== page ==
Germany is set to extend its nationwide lockdown until the end of the month and introduce new tougher restrictions in a bid to get control of surging coronavirus infections, sources said on Tuesday.
The new rules, which are currently being discussed by Chancellor Angela Merkel and the leaders of Germany’s 16 federal states, will for the first time ban non-essential travel for residents of hard-hit areas all over Germany.
In towns and districts where the number of new coronavirus cases is above 200 per 100,000 residents over seven days, travel will be limited to a 15-kilometre (9.3 miles) radius, the sources said.
Also, members of any one household will be allowed to meet only one other person in public, one of the sources said. That compares with a current rule under which public gatherings are limited to five people from two households.
Like many other European countries, Germany is struggling to contain a second wave of the virus. Britain began its third COVID-19 lockdown on Tuesday with citizens under orders to stay at home.
Concern is growing that hospitals in Germany will struggle to cope.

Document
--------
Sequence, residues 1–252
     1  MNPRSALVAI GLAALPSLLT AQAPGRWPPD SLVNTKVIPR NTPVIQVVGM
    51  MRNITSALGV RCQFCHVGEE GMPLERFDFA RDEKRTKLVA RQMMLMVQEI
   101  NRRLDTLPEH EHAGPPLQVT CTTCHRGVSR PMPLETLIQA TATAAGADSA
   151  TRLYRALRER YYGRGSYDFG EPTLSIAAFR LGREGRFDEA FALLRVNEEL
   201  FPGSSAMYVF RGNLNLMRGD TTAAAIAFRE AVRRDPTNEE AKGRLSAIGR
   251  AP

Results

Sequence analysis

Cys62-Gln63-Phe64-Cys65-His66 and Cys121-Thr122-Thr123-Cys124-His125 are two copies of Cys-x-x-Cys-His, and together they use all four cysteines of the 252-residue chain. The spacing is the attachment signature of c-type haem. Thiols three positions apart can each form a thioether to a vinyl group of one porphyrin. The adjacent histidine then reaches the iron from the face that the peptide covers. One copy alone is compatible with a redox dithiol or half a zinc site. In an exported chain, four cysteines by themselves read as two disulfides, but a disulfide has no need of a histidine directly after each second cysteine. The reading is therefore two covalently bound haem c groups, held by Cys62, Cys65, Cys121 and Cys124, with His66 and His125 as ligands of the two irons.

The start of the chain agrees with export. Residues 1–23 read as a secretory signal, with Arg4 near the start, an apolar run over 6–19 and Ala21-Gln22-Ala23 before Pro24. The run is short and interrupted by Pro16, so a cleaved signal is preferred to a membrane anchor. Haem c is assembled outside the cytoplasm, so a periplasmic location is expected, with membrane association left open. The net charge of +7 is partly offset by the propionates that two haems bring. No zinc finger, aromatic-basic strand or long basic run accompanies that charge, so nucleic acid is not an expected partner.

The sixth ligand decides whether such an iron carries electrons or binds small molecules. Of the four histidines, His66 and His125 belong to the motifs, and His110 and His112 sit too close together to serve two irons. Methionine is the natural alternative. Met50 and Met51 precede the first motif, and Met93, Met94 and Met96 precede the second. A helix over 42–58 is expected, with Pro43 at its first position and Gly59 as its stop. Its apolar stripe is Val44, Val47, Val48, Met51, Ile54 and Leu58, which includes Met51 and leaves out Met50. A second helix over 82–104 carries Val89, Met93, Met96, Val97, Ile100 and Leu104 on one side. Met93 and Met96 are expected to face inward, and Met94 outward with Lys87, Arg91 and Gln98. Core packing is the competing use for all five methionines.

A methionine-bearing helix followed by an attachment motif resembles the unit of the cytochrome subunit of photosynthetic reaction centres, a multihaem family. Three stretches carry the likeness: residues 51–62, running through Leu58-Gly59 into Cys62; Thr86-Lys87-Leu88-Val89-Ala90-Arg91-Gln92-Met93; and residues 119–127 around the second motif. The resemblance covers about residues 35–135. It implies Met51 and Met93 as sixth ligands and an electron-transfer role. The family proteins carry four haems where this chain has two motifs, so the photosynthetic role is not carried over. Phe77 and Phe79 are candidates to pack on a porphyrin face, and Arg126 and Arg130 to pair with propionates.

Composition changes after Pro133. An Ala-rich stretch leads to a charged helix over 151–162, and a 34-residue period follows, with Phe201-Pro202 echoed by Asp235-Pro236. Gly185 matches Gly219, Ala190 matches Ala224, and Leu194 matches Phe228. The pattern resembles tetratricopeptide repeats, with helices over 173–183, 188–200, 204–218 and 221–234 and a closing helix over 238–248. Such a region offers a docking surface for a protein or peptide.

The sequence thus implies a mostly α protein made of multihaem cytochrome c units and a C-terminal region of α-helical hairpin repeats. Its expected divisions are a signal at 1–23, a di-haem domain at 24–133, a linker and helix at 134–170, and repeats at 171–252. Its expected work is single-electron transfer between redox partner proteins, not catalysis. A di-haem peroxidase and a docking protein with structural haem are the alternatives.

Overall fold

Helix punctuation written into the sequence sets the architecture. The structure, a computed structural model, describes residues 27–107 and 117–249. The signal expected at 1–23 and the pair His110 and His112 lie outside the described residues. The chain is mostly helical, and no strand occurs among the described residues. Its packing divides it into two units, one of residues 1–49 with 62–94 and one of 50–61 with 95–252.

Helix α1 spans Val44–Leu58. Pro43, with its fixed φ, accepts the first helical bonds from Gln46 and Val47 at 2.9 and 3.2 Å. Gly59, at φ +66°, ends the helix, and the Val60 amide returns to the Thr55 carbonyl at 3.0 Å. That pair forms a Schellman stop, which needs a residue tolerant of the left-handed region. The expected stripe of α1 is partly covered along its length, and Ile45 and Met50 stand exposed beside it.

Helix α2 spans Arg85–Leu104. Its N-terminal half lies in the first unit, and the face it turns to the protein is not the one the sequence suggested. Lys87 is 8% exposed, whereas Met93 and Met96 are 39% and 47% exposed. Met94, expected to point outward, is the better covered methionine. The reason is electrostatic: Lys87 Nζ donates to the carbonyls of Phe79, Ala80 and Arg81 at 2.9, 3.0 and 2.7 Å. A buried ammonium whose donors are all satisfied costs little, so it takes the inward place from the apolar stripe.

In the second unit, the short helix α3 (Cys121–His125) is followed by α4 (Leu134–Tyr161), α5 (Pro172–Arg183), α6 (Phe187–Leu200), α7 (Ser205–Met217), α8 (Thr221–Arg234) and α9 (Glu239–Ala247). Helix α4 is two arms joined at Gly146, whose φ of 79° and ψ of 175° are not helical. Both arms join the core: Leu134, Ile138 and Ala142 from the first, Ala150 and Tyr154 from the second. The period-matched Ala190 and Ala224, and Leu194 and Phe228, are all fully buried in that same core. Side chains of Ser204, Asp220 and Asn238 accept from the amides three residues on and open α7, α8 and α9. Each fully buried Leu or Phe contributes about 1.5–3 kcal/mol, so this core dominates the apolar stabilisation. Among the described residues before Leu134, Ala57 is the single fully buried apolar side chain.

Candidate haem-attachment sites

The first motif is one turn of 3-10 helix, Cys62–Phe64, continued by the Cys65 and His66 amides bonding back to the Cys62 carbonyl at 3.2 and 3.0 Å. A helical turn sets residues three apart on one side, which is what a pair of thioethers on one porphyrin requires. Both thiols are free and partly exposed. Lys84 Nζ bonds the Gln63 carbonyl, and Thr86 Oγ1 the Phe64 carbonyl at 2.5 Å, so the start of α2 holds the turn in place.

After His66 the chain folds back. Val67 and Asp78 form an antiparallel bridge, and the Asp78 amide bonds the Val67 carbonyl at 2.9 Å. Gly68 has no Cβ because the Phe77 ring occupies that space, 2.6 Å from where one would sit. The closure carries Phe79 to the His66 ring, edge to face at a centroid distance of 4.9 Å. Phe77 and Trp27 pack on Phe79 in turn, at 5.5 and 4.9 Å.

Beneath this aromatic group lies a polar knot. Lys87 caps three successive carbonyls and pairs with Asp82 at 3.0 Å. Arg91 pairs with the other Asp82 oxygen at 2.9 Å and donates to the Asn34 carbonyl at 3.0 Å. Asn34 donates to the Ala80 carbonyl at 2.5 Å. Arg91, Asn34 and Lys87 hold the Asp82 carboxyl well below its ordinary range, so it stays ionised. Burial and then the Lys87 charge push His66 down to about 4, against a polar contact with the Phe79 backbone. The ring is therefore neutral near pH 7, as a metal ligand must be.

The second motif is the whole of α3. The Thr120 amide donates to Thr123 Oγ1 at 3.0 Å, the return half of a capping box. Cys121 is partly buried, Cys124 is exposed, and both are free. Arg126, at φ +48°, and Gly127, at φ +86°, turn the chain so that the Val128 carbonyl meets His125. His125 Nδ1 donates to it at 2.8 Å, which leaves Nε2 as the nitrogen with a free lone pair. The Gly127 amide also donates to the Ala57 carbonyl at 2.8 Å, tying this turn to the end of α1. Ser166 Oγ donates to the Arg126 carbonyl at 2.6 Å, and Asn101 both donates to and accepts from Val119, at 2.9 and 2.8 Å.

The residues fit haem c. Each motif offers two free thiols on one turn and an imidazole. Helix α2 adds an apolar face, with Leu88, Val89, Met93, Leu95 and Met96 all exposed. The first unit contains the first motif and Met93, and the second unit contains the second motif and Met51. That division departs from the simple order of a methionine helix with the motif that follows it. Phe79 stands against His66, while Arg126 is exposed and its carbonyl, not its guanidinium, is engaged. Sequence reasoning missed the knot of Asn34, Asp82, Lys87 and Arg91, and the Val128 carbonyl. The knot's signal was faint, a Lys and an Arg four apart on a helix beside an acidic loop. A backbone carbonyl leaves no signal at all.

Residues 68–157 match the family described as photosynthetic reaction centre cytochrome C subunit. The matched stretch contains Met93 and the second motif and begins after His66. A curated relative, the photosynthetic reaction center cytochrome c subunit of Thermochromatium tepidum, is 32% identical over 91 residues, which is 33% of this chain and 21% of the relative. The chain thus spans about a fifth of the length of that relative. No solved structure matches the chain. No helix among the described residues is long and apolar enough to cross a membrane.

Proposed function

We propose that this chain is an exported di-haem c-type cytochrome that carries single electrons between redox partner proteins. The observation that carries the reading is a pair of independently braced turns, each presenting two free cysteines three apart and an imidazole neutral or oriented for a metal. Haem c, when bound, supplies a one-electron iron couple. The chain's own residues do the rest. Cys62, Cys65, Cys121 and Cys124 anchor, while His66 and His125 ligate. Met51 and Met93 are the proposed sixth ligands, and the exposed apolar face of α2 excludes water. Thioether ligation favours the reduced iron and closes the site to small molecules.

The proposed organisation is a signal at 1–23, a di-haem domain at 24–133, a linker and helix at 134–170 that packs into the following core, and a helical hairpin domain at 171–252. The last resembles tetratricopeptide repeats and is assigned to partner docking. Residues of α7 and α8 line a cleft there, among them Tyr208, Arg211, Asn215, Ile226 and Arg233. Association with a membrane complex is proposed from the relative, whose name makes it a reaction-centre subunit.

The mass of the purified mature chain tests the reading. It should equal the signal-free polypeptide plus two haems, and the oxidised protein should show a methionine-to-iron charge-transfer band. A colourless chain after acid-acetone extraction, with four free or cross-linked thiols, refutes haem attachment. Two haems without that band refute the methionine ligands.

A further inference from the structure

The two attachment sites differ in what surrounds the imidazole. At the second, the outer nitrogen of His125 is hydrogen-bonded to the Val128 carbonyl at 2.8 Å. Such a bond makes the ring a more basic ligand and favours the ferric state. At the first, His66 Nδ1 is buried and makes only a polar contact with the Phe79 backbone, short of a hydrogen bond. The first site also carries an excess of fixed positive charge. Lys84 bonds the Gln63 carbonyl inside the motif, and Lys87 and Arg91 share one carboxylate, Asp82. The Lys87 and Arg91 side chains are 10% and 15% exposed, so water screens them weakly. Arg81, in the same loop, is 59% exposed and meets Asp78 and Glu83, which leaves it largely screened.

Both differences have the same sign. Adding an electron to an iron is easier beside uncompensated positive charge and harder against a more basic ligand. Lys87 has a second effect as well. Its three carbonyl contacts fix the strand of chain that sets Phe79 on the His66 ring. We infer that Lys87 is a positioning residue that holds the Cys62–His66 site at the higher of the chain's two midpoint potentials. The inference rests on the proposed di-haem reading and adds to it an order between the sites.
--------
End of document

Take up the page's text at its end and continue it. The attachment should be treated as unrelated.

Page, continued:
“The coronavirus situation is very serious. We must remain tough and should not stop too soon,” Markus Soeder, premier of the southern state of Bavaria tweeted before the talks.
Merkel and state premiers are largely agreed on keeping shops and restaurants shut until the end of January, sources involved in the talks have said. Schools are also to remain closed, with classes to be held online, until at least the end of the month.
Merkel is expected to announce the new measures in a news conference later on Tuesday.
Germany imposed a partial lockdown in November but was forced to close schools, shops and restaurants in mid-December after the initial steps failed to make the desired impact.
The number of confirmed coronavirus cases in Germany was up by 11,897 to 1.787 million in the last day, the Robert Koch Institute for infectious diseases said on Tuesday. The death toll rose by 944 to 35,518.
Germany is rolling out a vaccine against COVID-19 but the media and some officials have criticised the government for a slow start and for ordering too few doses. By Monday, around 266,000 people had received a shot.